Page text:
18 April 2013

Greetings From Legoland!

We’ve entered the Lego phase.

Well, phase is relative. I’m pretty sure that we’re looking at some kind of Lego-themed fifth birthday party later this summer. It’s all-encompassing. It’s everywhere. They’re not just one other toy on the shelf in the toy store these days—they have their own entire store now. It’s a culture. It’s a way of life.

The Doozer has acquired several of his own sets and minifigures. But also, he likes building the old sets from my basement and those that belonged to my brother-in-law. It's funny to see the differences between the Legos then and now. They all used to have the same face, just with different hats. Or hair. Now they have facial features, sideburns or stubble or beads of sweat. Scars, maybe.

He’s also fascinated by the old catalogues. They’re so limited and so generic. City. Space. And that’s about it. Pirates. Not Pirates of the Caribbean, mind you, just pirates. Plain, old, run-of-the-mill swashbuckling buccaneers. That doesn’t stop me from doing a ridiculously lame Jack Sparrow impression while playing. Until the kid insists that I stop.

We have yet to find a set that he has not been able to build in record time. Despite the fact that the low end of the age range on the package is several years above his current age. What is this suggestion based on exactly? Are other 4-year-olds just eating the bricks? I don’t understand.

When we visit the Lego Store, I think his head is going to explode. Superheroes. Star Wars. Ninja Turtles. Chima. What the hell is Chima? What is this thing? Or the Friends line. The “girl” Legos, in the purple boxes, which seem to be there to balance out all the other ninja-fighting, pizza-eating, monster-fighting, lightsaber-wielding, Chima-ing, boy-targeting items. 

The Doozer was invited to a girl classmate’s birthday party recently and immediately said he wanted to get these for her. Of course, he picked out the karate studio and the sports car, but still. He just wants to share that love of Legos with everyone he knows. All six people.

There’s an essay in Michael Chabon’s Manhood For Amateurs (sorry, I can't say enough good things about this book, it’s basically my new official fatherhood guidebook) about this subject. In “To the Legoland Station,” he laments the over-commercialization of the Lego sets and worries that making them so specific eliminates the inspiration factor. In his day, you had to use your imagination to build whatever you want, rather than the rigid limitations of the latest superhero or Disney set. He worries until his kids prove him wrong and start mixing and matching sets at will.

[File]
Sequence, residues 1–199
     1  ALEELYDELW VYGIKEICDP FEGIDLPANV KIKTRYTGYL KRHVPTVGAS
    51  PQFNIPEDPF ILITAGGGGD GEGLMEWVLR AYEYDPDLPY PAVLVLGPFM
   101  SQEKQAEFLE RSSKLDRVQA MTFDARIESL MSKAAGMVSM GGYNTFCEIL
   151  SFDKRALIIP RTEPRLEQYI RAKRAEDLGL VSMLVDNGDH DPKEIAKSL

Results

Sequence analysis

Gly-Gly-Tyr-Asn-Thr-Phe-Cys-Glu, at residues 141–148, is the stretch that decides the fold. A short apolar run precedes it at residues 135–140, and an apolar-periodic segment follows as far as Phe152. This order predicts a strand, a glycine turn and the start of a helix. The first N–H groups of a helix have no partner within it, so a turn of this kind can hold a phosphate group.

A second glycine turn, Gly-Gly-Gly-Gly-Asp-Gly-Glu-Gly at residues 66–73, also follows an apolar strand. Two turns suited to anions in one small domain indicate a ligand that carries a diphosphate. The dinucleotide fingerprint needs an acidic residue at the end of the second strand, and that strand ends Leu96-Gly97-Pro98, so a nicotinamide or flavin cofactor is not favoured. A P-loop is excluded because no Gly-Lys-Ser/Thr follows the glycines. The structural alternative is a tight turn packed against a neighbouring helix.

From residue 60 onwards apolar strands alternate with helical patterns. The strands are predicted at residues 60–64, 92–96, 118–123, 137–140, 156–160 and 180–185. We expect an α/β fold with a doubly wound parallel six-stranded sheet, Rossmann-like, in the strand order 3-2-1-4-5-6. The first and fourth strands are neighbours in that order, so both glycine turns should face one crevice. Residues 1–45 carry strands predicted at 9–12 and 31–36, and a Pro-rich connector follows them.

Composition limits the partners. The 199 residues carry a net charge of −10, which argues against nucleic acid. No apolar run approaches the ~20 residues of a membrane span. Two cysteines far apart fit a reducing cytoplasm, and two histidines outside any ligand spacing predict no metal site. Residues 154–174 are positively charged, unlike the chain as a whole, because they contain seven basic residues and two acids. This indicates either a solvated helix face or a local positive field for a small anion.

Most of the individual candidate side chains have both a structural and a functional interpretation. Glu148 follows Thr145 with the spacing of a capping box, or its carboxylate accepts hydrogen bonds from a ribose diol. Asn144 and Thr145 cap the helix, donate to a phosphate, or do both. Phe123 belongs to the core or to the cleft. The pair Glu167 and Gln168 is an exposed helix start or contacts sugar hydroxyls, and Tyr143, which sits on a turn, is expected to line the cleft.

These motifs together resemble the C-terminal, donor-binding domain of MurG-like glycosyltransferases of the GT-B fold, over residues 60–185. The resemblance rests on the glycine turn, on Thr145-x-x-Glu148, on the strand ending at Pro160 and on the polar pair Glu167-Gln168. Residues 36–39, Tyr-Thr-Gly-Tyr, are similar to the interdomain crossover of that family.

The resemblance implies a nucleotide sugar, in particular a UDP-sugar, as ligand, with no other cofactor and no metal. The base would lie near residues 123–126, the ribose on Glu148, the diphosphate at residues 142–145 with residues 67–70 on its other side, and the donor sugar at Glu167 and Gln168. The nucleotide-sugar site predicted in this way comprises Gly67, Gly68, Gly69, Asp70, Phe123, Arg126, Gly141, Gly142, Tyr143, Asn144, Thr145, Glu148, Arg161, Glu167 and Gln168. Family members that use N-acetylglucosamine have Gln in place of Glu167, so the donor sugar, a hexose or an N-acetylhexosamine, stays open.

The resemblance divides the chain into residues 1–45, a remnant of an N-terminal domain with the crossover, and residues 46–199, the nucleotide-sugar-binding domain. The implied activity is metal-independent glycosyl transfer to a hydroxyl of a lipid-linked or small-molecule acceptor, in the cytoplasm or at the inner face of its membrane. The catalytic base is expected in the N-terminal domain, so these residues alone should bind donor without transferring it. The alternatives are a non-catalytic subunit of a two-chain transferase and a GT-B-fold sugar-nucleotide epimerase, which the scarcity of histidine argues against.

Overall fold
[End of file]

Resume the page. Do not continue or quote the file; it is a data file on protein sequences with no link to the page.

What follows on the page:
But he’s right. The specificity of the Lego toys can be bizarre.

I love all the Dark Knight tie-in stuff, like Commissioner Gordon. The guy that played Sid Vicious is now immortalized in yellow plastic. Or the mini-Bane. This chilling, anarchist villain has become a child’s plaything? What? And now the Mandarin, too. Does Sir Ben Kingsley—Ghandhi himself—have to sign off on his Lego minifigure likeness? We live in a very strange world.

Of course, they’ve gone and retired the Harry Potter ones now, the bastards. The kid’s not even old enough yet to know anything about that particular pop culture phenomenon.

And now we’ve been sucked into the obsession. The wife and I recently found ourselves digging—yes, digging—through bins at Target to find mystery minifigure packages. Have you seen these? They’re these mystery packages that you have to open to find the random minifigure you’ve purchased—the one that looks like Hamlet, or Julius Caesar, or a gypsy fortune teller? Maybe it’s a judge or a DJ or a man in a chicken costume? We’re as eager to see what we get next as he is.

Is this what the whole Pokemon thing was like? Is this who we are now? Like that ridiculous Schwarzenegger movie about Christmas shopping? Or the Garbage Pail Kids phenomenon? Times change, toys change, but apparently parents don’t. There’s even a Lego movie coming out next year, from the guys who made Cloudy With a Chance of Meatballs. It’s got Lego Batman in it. I’m sort of ashamed to admit how excited I am to see this. 

And maybe the Doozer would even want to watch it with me.

All these Marvel superhero and Star Wars and DC Comics tie-in Legos seem designed to unite kids and parents, to appeal to our inherent nostalgia about pop culture. I would think, if they really want to connect with adults, they should come out with sets and minifigs based on Game of Thrones and The Walking Dead. Right? Personally, I can’t wait for the Mad Men Lego set. The Don Draper minifig with a cigarette and a scotch glass. Pete Campbell with those new sideburns. Peggy Olson with oversize storyboards. Just imagine it.

(And I want a cut if that thing goes forward.)

Watching the Doozer play with his Legos, I’ve seen him refute Chabon’s notion of homogenization. He’s mixed up judges and spacemen, monsters and cops. I’ve seen Captain America fighting Darth Vader. Yeah, that happened. Patton Oswalt was really onto something there. He has a set of miners with tools and trucks and one day he spun a tale so elaborate about betrayal and double-crossing and theft that it might as well have been a subplot involving Boyd Crowder on Justified.

But now that he’s in bed, I’m free to do my own set-ups and stories, to mix up pirates and space aliens, Ninja Turtles and Jedis. To build my own little world and climb into it. Escape the weirdness and instability of my reality, get inside a little world I can exert some regiment and control over.

What? No. I’m not going to do that. Forget I said that.

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